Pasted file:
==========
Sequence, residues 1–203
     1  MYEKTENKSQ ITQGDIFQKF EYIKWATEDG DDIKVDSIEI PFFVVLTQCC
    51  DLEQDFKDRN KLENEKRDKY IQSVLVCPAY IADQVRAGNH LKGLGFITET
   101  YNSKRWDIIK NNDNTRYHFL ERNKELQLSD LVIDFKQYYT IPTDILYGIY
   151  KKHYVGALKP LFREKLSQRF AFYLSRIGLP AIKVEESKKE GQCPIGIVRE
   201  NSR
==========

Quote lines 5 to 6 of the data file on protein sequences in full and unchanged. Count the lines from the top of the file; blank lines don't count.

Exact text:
   151  KKHYVGALKP LFREKLSQRF AFYLSRIGLP AIKVEESKKE GQCPIGIVRE
   201  NSR